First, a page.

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Metro Brief: Campaign against media stereotypes and gender-based violence launches on Jan. 20

District of Columbia

On January 18, 2015
Sil Lai Abrams

Sil Lai Abram's project, Redefining HERstory, aims to
combat Black female stereotypes, gender base
violence in reality television.

A campaign to combat the impact of stereotypical representations of women of color in the media and help curtail gender-based violence will open at Howard University on Tuesday, Jan. 20, when the Redefining HERstory program kicks off.

The initiative will be launched at the College of Medicine Auditorium, Room B5, from 5 p.m.-6:30 p.m.  It is sponsored by Truth in Reality, a media advocacy organization whose goal is to combat the negative effects of stereotypical representations of women of color in media, especially on violent reality shows. The Redefining HERstory Campus Social Action Program is part of a larger Redefining HERstory Public Awareness Movement that will continue to run after the Campus Program concludes at Howard in March, during Women’s History Month.

Sil Lai Abrams, National Association of Black Journalists (NABJ) award-winning writer and a domestic violence activist for women of color, created Redefining HERstory to provide students with tools to help reshape the violent and over sexualized stereotypes of women of color in the media, especially on reality television. The program also attempts to educate them about the links between media violence and domestic and sexual violence and increase male accountability for preventing gender-based violence.  Howard is the fourth university to embrace the campaign.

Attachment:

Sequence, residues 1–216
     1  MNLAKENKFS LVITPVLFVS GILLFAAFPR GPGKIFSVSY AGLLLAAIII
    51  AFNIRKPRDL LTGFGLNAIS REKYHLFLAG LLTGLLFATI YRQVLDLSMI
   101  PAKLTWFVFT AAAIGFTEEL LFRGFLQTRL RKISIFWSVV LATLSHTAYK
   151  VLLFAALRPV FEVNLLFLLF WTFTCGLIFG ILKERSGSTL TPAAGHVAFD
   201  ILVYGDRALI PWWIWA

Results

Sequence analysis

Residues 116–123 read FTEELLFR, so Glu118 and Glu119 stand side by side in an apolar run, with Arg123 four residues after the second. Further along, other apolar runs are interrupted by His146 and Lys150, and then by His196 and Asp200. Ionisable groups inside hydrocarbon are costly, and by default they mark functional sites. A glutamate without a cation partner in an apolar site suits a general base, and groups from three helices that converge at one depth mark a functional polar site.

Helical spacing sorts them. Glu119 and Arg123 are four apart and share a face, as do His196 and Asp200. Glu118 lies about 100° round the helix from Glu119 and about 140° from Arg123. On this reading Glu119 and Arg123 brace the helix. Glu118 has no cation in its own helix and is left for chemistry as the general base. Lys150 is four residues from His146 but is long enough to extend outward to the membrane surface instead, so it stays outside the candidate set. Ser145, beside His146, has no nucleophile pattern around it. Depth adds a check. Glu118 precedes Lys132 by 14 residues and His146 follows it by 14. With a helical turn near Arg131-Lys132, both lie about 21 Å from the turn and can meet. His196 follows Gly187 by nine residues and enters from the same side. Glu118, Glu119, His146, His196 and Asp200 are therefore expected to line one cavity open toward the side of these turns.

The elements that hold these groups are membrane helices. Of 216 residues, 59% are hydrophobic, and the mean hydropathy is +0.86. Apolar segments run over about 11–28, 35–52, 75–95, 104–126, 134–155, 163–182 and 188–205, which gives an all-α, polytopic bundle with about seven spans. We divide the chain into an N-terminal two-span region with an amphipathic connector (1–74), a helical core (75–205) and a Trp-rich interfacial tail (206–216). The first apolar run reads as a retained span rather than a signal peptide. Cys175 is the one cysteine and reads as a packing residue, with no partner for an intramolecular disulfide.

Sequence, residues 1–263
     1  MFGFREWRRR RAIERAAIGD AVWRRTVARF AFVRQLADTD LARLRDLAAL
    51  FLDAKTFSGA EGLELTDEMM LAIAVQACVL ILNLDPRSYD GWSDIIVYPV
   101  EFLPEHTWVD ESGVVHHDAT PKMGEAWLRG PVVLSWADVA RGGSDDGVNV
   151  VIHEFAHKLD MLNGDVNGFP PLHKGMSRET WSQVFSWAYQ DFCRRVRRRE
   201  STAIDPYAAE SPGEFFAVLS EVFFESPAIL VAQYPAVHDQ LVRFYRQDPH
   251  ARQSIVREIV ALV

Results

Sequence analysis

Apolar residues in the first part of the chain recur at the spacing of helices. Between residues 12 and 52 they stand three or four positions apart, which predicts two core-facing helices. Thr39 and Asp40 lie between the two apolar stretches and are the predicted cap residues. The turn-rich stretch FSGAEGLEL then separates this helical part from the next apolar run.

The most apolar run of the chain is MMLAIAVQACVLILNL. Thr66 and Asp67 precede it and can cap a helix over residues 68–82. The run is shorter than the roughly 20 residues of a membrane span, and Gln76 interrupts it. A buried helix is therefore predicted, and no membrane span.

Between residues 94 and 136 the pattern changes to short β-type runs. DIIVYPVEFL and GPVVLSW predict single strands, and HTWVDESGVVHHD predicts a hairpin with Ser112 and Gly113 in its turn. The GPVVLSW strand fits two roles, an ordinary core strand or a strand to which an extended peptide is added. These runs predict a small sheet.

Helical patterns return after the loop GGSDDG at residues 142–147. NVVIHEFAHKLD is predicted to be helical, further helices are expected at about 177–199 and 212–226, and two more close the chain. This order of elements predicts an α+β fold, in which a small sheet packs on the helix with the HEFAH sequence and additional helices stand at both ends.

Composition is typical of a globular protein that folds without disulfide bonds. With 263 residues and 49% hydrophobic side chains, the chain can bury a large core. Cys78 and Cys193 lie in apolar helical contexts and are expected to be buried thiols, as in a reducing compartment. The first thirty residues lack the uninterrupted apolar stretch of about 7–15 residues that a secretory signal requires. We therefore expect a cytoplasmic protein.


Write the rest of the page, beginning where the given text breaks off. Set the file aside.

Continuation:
Redefining HERstory is being brought to Howard through the School of Communications’ Media Messaging Fellowship.  Established in 2012 by Tom Burrell, a member of the American Advertising Hall of Fame and founder of Burrell Communications in Chicago, the fellowship creates opportunities for students and faculty researchers to investigate the impact of media messages on African Americans and explores ways to improve African-American images in the media.

Recent studies have revealed that violent reality shows have an adverse effect on the emotional development of young women and girls and can predispose men towards violent behavior towards women. Roughly half of all reality shows feature cast members primarily comprised of women of color whose behaviors reinforce damaging stereotypes that normalize relational aggression against women of color, including university-aged women who are at greater risk than their White counterparts to be victims of sexual and domestic violence.

Redefining HERstory will challenge students on their existing belief systems around gender-based violence and redefine society’s existing negative narrative of Black women by using the media messaging on reality television as the basis for this much needed conversation,” said Sil Lai Abrams.

For additional information on Truth in Reality, Redefining HERstory and existing partnerships, or to join the cause and download the Media Advocacy Toolkit, please visit TruthInReality.org.

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